Twitter’s official blog highlighted the Boston Globe’s Marathon Bombing response in a recent case study that looked how the social network blends traditional journalistic techniques with on-the-ground reports. It also unveiled what the site said was the unlikely first reporter of the bombs.
“When the events occurred, many Globe staff members were actually running in the marathon or covering it, and they immediately snapped into action, live-tweeting the action around them as a way to report from on the ground,’’ wrote Twitter’s Simon Rogers. “The Globe newsroom had a list of its reporters already in place that they used to monitor incoming tweets through TweetDeck.’’
Indeed, on Twitter, Facebook, and on Boston.com and BostonGlobe.com, the Globe’s news coverage pulled in thousands of updates from both Globe staffers as well as the general public, working to weed out rumors while helping to disseminate law enforcement and public safety announcements.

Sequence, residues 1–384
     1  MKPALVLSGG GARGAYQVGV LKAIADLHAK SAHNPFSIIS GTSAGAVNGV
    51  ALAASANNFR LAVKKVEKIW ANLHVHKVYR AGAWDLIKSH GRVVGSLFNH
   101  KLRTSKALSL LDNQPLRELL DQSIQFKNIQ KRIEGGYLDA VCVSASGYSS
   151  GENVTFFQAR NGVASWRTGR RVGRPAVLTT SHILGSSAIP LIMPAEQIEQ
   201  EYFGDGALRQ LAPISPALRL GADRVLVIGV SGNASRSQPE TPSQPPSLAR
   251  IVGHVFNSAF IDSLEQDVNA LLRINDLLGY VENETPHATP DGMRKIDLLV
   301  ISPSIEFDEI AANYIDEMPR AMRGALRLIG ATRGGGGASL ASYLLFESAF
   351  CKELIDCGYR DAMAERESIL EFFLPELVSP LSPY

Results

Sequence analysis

Twitter’s post also looks at how individuals not associated with traditional media helped curate and share news, profiling MIT’s Seth Mnookin.
It also looked at how the media rapidly dissected and analyzed possible social media profiles of the Tsarnaev brothers.
The most interesting new information to me, however, wasn’t the numerous graphs about increased follower counts, but who apparently tweeted the first notification about the bombs: “DeLo’’ of Barstool Sports:
Uhh explosions in Boston— DeLo (@DeLoBarstool) April 15, 2013
Walter Cronkite he is not, but I was equally surprised that the tweet had just one favorite and zero retweets. News may break through Twitter, but when it does, it is often the people that break it and how they share that matters more than the medium.